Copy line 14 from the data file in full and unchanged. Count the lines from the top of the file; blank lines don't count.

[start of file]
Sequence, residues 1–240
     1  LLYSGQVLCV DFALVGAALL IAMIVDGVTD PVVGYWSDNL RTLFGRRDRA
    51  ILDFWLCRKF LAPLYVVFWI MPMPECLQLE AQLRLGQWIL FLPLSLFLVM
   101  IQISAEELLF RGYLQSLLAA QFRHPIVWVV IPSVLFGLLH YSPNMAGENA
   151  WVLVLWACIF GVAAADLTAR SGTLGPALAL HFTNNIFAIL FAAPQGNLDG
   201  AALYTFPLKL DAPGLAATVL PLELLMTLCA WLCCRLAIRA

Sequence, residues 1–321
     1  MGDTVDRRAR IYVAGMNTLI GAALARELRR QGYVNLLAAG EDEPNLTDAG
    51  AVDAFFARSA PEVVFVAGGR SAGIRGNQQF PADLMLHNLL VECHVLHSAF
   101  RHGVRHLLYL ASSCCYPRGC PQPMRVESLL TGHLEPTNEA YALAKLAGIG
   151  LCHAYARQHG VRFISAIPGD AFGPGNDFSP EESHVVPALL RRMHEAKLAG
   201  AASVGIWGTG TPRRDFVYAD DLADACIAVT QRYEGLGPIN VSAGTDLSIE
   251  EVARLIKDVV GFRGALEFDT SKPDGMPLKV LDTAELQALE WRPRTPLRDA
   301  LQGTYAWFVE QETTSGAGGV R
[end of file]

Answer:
   301  LQGTYAWFVE QETTSGAGGV R